Pan-Roasted Sea Bass

Sea bass is my most indulgent seafood choice. I typically only order it at a fancy seafood joint when someone else is paying. It’s so rich and buttery tasting it practically melts in your mouth when you eat it. Fortunately, Costco offers a somewhat more affordable option for buying seafood. You can get a large amount of fish for the same amount you would pay for one teeny tiny fillet at a fancy restaurant. So while you are still departing with a lot of money, you’re getting more bang for your buck.

I have this tendency of buying more food than is necessary for one person and this is especially true while I’m at Costco. I’m especially tantalized by a good sale so often I walk into Costco planning on buying three things and walk out with a cartful of items, $150 lighter.

My freezer is chock full of various Costco sale food items (chicken patties, wontons, dumplings, tri-tip, personal sized pizza), dog food, and various pints or gallons of ice cream. As I was stuffing a large order of dog food into my freezer the other day, I uncovered a package of sea bass I had forgotten about, and it felt like Christmas morning. I had been wanting to recreate Marsala Wine Mashed Potatoes, and I thought sea bass would be the perfect accompaniment.

My recipe below is gently adapted from the recipe for Pan-Roasted Fish Fillets with Herb Butter at NYT Cooking. I loosely followed the directions and eye-balled the ingredients. I also turned my fish over a few more times than what was called for in the original recipe–my fillet was a bit thicker than what the recipe calls for. I served this fish on a bed of Marsala Wine Mashed Potatoes; the two paired perfectly together because both melt in your mouth. This recipe is a relatively easy and delicious way to eat restaurant-worthy sea bass in the comfort of your own home and for a fraction of the price.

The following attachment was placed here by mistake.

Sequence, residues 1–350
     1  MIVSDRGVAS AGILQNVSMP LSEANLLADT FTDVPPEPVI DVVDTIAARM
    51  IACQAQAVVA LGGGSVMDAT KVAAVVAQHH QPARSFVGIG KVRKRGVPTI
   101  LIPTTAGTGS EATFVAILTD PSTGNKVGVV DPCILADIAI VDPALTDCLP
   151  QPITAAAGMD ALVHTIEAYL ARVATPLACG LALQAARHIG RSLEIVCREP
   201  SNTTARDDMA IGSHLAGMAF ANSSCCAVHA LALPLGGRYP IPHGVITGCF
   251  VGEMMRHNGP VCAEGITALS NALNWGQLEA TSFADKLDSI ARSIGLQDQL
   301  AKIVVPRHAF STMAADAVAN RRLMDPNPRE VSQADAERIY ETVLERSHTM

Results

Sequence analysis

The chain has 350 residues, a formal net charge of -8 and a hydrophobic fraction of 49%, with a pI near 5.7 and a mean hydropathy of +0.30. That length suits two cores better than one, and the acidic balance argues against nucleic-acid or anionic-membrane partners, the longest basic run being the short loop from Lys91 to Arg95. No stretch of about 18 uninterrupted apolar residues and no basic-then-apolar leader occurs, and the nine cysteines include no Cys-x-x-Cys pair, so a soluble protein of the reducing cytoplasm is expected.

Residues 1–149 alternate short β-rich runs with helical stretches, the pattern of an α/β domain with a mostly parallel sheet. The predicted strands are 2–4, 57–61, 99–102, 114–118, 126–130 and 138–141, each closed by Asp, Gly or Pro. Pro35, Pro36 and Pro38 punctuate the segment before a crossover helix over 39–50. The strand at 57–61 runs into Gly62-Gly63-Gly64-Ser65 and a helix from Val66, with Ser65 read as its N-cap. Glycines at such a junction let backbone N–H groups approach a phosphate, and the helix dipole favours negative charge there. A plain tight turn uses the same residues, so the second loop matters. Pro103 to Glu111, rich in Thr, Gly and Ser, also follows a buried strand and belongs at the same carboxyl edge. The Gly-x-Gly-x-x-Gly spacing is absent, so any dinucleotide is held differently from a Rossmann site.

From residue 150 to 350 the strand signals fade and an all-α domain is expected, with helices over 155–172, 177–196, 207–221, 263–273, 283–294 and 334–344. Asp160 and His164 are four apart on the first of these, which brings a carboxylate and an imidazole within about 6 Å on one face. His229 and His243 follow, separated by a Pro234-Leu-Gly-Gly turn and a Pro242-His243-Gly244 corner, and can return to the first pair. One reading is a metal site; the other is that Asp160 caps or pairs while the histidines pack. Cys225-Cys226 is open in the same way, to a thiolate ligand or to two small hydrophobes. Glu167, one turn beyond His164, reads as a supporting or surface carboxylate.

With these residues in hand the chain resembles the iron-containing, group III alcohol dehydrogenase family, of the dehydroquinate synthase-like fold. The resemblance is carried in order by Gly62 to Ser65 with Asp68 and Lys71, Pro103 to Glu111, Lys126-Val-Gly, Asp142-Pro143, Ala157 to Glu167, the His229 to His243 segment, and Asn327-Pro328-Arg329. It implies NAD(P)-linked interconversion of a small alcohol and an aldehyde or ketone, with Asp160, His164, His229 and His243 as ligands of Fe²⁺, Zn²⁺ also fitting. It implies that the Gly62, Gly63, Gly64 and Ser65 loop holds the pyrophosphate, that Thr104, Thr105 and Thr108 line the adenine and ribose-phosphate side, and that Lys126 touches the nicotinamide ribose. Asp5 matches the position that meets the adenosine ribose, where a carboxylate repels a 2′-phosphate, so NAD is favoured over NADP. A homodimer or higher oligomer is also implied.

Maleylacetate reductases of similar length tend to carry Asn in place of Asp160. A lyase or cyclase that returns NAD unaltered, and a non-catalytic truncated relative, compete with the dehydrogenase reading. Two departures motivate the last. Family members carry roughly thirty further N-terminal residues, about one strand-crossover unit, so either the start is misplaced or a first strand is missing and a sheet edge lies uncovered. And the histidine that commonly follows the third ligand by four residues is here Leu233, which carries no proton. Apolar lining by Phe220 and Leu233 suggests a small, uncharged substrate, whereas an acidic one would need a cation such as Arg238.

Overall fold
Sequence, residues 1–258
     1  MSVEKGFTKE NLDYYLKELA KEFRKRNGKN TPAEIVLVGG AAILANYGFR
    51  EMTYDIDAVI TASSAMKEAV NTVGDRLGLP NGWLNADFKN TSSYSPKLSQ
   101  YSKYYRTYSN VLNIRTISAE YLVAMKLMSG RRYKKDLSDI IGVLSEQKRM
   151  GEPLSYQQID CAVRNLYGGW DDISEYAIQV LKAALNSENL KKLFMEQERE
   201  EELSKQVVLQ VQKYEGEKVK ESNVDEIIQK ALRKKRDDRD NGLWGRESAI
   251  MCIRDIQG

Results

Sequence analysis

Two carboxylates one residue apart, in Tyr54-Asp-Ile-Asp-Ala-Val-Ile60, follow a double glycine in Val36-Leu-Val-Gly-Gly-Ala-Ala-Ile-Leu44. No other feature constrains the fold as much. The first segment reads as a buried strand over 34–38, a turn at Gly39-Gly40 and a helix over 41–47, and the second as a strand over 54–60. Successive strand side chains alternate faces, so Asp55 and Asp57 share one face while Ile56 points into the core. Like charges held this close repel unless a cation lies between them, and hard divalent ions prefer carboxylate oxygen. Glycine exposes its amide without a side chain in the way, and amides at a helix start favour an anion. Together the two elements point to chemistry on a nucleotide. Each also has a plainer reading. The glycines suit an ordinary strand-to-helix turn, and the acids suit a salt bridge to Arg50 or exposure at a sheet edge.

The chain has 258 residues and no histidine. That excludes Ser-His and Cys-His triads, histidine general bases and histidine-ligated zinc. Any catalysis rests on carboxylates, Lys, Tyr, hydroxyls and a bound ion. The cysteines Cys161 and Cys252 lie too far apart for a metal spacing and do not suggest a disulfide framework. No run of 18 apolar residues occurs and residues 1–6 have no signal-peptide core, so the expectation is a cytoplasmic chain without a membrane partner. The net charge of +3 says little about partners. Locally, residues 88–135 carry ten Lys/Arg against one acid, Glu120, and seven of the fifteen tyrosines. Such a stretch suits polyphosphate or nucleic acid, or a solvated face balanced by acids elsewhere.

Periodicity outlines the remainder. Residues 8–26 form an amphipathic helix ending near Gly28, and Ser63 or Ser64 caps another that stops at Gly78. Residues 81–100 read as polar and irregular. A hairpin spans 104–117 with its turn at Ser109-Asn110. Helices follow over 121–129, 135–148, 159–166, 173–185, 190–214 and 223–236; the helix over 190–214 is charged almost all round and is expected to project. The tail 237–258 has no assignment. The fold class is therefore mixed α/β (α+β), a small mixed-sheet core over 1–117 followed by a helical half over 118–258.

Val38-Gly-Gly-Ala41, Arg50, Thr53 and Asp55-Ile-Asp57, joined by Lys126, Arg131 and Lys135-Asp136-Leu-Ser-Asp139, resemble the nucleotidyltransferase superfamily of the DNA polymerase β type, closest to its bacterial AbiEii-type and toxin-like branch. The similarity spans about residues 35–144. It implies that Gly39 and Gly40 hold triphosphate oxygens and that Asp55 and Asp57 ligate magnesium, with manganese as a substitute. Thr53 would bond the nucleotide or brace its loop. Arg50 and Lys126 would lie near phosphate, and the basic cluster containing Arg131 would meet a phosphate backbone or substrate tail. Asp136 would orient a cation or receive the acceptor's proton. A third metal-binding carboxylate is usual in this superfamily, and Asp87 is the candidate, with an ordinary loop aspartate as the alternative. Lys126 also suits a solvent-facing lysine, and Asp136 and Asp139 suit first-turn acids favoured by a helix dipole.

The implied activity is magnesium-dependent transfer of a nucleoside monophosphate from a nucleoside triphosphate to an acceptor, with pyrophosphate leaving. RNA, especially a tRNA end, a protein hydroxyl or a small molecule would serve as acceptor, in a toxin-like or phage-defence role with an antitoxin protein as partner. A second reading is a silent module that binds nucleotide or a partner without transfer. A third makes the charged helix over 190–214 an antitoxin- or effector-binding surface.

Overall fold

• 2 5- to 6-oz or 1 10- to 12-oz Chilean sea bass fish fillets, 1-inch or so thick
  • Salt and black pepper
  • 3 T. canola, avocado or safflower oil
  • 2 to 4 T. butter
  • 2 sprigs fresh thyme (can sub tarragon, chives or any other herb)
  • ½ c. dry white wine (optional)


  1. Allow fish to sit out at room temperature for 30 minutes. Pat fish dry with a paper towel. Season on both sides with salt and pepper.
  2. Heat a heavy 10-inch nonstick or cast-iron skillet over high heat. When the pan is hot, add the oil. Place the fish in the pan, skin side down (if applicable). If fillets have skin, press down gently with a spatula for about 20 seconds to prevent curling.
  3. Lower heat to medium, add wine (if using) and let sizzle until fish is golden and caramelized around edges and wine has evaporated, about 2 to 3 minutes. Carefully flip fish and add butter and thyme to pan. Allow butter to melt and thyme to lightly cook in the butter. Tilt pan slightly to let the melted butter pool at one end. Use a spoon to baste the fish with the pooled butter. Continue basting until golden all over and cooked through. Here I flipped my fish over a few times.
  4. Serve immediately. Top with butter from the pan and additional fresh thyme (or parsley) and lemon wedges.

Recipe rating: 

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